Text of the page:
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Post-Partisan? Not Really.

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By Robert L. Ehrlich
Thursday, January 22, 2009

It is difficult to count the many positive messages about America that were broadcast to the world the moment Barack Obama placed his hand on the Lincoln Bible on Tuesday. America haters around the globe had a bad day (for a change). Regardless of one's political association, Obama's swearing-in was a joyous occasion for a country caught in the grip of an economic recession and facing a long, arduous war against terrorism.

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Then came the much-anticipated inaugural address. The soaring oratory met, and in some quarters exceeded, expectations. Not surprisingly, the "usual suspects" really gushed -- which is quite a bit of gushing.

It is also where I part company with so many caught up in the historic nature of the moment but blind to the substance of the speech.

To help divorce myself from the pageantry, I read the inaugural address rather than watch Obama deliver it. My goal was to discern whether the more moderate president-elect survived the transition to president.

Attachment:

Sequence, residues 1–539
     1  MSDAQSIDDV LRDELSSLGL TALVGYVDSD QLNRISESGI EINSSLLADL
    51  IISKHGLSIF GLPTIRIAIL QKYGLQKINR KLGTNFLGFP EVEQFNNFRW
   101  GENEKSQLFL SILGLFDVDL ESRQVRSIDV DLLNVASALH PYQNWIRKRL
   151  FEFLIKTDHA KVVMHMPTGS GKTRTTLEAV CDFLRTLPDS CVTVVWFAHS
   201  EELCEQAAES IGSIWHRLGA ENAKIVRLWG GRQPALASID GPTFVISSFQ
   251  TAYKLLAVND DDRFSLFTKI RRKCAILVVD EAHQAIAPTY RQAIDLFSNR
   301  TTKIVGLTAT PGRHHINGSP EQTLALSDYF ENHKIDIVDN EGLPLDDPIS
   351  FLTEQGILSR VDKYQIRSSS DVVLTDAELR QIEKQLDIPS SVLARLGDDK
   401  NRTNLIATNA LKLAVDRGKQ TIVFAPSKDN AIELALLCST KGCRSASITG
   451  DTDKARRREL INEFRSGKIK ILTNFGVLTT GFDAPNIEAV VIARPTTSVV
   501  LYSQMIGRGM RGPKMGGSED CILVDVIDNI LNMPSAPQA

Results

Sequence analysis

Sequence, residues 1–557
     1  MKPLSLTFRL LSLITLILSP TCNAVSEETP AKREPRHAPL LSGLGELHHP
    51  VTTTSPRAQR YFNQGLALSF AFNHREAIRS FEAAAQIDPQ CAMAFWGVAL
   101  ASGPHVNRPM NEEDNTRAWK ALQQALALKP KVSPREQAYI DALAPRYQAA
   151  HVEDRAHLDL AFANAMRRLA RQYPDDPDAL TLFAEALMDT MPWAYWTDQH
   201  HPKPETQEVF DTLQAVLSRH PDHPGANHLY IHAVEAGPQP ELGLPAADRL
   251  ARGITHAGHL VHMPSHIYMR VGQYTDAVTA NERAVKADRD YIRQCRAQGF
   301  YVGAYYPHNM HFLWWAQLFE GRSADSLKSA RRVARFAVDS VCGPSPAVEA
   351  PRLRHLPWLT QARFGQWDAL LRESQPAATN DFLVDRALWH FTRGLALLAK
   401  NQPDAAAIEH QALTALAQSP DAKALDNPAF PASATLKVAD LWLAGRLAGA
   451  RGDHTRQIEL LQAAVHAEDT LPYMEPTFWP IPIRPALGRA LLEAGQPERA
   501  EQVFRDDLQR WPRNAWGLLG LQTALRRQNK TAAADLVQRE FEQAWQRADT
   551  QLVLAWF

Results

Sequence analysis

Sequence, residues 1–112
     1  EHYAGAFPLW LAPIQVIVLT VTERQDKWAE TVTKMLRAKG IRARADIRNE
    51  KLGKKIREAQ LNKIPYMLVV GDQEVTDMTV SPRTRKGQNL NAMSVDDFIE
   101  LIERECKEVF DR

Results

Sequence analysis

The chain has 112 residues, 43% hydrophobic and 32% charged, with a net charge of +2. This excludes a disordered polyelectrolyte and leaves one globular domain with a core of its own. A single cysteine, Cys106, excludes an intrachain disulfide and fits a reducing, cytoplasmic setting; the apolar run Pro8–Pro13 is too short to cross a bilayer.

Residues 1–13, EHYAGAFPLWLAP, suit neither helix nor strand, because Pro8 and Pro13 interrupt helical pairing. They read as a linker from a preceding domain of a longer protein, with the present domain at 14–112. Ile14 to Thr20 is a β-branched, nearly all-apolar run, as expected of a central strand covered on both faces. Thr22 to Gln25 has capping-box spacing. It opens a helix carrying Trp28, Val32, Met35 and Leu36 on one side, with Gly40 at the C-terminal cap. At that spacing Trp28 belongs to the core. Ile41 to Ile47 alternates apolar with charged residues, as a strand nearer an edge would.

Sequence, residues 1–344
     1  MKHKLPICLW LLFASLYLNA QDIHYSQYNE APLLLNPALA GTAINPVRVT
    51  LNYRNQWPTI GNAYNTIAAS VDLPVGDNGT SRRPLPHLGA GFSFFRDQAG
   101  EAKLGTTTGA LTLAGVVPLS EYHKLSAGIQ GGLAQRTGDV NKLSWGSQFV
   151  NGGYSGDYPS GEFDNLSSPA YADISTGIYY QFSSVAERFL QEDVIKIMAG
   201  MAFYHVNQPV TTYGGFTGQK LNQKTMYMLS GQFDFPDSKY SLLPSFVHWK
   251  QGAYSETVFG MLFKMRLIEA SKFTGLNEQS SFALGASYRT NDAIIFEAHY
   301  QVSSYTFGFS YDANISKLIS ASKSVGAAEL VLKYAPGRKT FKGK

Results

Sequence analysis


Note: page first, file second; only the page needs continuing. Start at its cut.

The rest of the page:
The results were decidedly mixed.

A serious reading of the text makes clear that part of the moderate, post-partisan, post-ideological Obama did indeed come through:

"On this day, we come to proclaim an end to the petty grievances and false promises, the recriminations and worn-out dogmas, that for far too long have strangled our politics. . . . What the cynics fail to understand is that the ground has shifted beneath them -- that the stale political arguments that have consumed us for so long no longer apply."

Such thoughts are meant to relegate old-fashioned philosophical battles to a harsh, partisan past -- the change so many Americans say they want in their "new" politics.

But there was also the assurance that the federal government will "create new jobs" and "lay a new foundation for growth."

And this dangerous observation:

"The question we ask today is not whether our government is too big or too small, but whether it works." (As though Americans should not focus on whether their government is too big or not big enough.)

Then a nod to class-warfare rhetoric:


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